Going Wild on the West Highland Way: Day Eight

20151009_164505Day Eight – Saturday – 15 miles
8am – Walk into Kinlochleven and buy lunch
10am – 4 miles to ruins and eat lunch
1pm – 7/8 miles to Glen Nevis Youth Hostel (changed to 11 miles to Fort William)

Breakfast: Porridge
Lunch: Bought from Kinlochleven (didn’t happen)
Dinner: At Glen Nevis Youth Hostel (didn’t happen)

All the plans above went out of the window. A phone call the night before and in the morning meant I didn’t get out of Kinlochleven until 9.30am and so I didn’t buy any lunch and threw the last of my wraps and chorizo in the bin (WHY??!). I got a bit lost finding The Way again and the way out of Kinlochleven, but got there eventually.

Despite the morning drizzle and midges, the day was a sun masked in a whitewashed sky. The climb was steep but I enjoyed working out my upset in my lungs, instead of my feet. In the forest, web hairs tickled my face and arms as my body cut through them like a winning runner. The trees were a welcome variety from the bracken and heather skinned moors. I used my phone most of the way, but lost signal at mile 83 and left the black loch Leven behind. But my husband was coming to see me.


Gordon and Eric came upon me just before Tigh-na-Steubinaich ruin. We sat around the fallen bricks and a building without a roof. I watched, amused as Gordon tried to fix the trials of another fellow walker and his bad ankles and knees. He had five new knee supports on him and I joked that he was the WHW first aider. They bought goodies back in Kinlochleven while I ate cheese and nut bars. They gave me some malt loaf and I moved on, knowing they’d overtake soon.


My feet started to crumble after mile 85. The views were stunning, and the weather framed them, but I was breaking. I couldn’t do it anymore, but I knew I had no choice. There was only one way out and it required my feet. Miles 86 to 91 lasted forever. I tried to rush it, in the hope that I could end it quicker. But the miles seemed only to expand. Woods that weren’t woods anymore, just more tree graveyards made it impossible to pinpoint where I was.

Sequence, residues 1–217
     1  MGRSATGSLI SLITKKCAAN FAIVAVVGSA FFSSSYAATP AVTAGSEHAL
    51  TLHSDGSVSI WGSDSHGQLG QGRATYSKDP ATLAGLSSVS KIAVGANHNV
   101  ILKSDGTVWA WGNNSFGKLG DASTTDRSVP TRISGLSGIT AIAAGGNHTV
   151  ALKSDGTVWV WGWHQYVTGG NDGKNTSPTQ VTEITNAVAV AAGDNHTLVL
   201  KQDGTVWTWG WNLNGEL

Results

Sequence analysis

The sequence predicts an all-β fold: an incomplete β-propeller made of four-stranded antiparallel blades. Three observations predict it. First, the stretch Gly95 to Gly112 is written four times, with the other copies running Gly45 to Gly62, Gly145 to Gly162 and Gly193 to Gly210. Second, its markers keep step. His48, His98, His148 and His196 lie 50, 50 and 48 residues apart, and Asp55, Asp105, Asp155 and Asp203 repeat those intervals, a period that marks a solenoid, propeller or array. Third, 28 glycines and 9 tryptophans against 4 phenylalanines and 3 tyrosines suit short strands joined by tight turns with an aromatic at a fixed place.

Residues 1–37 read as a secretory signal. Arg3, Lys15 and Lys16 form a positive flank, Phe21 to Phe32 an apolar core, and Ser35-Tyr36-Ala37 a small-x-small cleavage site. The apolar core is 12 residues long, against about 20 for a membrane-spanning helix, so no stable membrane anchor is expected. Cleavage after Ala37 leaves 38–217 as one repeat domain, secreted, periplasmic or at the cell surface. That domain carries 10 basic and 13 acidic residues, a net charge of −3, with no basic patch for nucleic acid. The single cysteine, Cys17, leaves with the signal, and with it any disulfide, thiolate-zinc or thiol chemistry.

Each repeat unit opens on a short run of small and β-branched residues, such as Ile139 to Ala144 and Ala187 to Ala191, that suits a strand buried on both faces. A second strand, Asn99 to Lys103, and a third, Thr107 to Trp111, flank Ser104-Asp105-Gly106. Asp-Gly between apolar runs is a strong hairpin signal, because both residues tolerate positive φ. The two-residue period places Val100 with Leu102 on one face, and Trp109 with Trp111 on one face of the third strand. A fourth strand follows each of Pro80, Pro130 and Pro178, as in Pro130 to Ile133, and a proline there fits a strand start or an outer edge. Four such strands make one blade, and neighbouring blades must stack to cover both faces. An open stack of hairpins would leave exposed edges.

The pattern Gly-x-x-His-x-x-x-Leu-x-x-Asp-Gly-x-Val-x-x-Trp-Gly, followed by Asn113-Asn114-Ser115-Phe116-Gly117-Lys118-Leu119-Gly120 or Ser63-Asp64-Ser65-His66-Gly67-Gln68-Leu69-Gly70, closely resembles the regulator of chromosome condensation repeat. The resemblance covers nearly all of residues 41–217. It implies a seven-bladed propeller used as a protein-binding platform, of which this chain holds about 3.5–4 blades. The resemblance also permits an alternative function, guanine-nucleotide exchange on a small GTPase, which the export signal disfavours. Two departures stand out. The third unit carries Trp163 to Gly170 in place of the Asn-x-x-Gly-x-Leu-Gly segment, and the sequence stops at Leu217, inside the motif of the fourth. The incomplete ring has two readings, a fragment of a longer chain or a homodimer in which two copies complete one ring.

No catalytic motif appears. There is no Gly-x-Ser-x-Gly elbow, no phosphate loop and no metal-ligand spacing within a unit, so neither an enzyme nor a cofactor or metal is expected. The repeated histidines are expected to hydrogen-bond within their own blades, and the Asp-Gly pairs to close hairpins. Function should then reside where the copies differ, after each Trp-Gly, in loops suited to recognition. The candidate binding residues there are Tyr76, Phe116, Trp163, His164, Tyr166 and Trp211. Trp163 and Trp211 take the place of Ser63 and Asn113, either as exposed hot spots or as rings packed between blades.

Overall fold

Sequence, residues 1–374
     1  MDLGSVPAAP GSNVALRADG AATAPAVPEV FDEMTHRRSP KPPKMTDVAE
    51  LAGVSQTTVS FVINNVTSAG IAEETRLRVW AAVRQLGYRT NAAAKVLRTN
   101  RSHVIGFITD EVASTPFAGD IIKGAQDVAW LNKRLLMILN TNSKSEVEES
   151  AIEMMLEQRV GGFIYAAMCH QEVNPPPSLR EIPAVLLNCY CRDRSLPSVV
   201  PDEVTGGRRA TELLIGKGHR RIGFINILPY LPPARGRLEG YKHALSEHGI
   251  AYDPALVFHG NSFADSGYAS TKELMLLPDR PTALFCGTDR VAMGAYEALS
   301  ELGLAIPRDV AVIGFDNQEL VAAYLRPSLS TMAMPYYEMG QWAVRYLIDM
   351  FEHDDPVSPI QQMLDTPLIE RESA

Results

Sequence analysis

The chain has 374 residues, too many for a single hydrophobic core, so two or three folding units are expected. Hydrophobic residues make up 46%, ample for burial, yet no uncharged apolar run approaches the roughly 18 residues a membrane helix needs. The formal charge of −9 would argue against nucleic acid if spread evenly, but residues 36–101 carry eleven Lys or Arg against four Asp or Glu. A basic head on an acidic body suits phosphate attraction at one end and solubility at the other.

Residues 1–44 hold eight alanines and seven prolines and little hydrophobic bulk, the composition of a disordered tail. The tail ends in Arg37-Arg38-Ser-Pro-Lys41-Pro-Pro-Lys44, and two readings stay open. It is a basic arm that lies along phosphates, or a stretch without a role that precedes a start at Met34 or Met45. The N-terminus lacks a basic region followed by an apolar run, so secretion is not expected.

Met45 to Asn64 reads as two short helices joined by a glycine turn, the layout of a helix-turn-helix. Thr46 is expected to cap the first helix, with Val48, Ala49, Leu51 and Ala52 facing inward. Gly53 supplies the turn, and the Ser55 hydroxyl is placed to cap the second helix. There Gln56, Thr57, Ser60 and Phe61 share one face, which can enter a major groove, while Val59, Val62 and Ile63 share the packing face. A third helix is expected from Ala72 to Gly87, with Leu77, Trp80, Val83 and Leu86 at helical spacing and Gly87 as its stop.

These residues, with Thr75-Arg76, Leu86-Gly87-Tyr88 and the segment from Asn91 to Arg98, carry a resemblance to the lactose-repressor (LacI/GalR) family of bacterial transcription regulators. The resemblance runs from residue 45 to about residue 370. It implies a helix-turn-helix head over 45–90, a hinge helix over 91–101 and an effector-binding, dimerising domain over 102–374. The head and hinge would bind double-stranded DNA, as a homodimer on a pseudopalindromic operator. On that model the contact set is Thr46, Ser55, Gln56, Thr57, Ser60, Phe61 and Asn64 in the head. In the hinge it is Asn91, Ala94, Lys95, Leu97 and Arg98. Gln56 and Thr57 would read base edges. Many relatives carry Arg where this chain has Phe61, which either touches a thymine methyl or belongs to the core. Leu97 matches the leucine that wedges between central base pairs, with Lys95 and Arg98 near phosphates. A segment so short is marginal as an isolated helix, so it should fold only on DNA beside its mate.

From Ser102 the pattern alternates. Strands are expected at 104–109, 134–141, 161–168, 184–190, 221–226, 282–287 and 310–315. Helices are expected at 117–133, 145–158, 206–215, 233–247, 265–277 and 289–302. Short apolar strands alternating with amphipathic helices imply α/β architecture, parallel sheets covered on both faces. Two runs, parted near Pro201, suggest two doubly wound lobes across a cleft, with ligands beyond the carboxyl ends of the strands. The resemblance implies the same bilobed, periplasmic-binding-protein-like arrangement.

I wanted it to be over. I never wanted to walk again. I wanted to quit. I bumped into a group of guys who I’d met before – with too many names to remember who were walking with a legally blind man. It made my achievement seem tiny. Insignificant. They had such good spirits too, despite their ailments.


At Mile 89 I saw the majestic Ben Nevis break out into the sky and I collapsed, wondering if I’d be able to make the final 3 miles to the Youth Hostel or if I’d ever walk again. The path finally finds an actual forest running with rivers under Ben. I met the group-of-many-men a few times after that. One of them was eager to show me pictures of when he climbed Ben Nevis in June when there was 9ft of snow on it.

My signal kicked in under Ben Nevis, a mile from my final stop and I got a flurry of messages. My husband had gotten the train, but it would be going to Glasgow and wouldn’t get in until 10.30pm. My only option was to meet him there – which meant I had to walk another 4 miles to Fort William (the end of the West Highland Way) in two hours and catch a coach. I despaired on the phone – said I could never make it. I was in so much pain.

But I walked physically faster than I thought was physically possible for me to do. I said goodbye to my reservation at the beautiful Glen Nevis Youth Hostel and bullied my feet into Fort William. The train station toilets were luxurious (there’s a fee) – you can pay for a locker and there are showers. The coaches picked up next to Morrisons, and because I couldn’t go a step further I went in there to have a ‘baked’ potato, salad and diet coke. Oh how nice it was to have fresh veg! It wasn’t quite the celebratory meal I’d envisioned, but I had finished. I had finished. And as the coach pulled away into the dark night, I promised I would come back to see the end properly, to see the Youth Hostel and climb Ben Nevis.


And as I finished that brutal walk, I left more than Fort William behind. I had broken open, but something new was waiting for me now. A weight had lifted. The West Highland Way was more than 96 miles. More than just a hike. Sometimes the hardest things we do are also the best of what we do. Everything that hurts will end. And how amazing it is that those ends look very much like beginnings…



6 thoughts on “Going Wild on the West Highland Way: Day Eight

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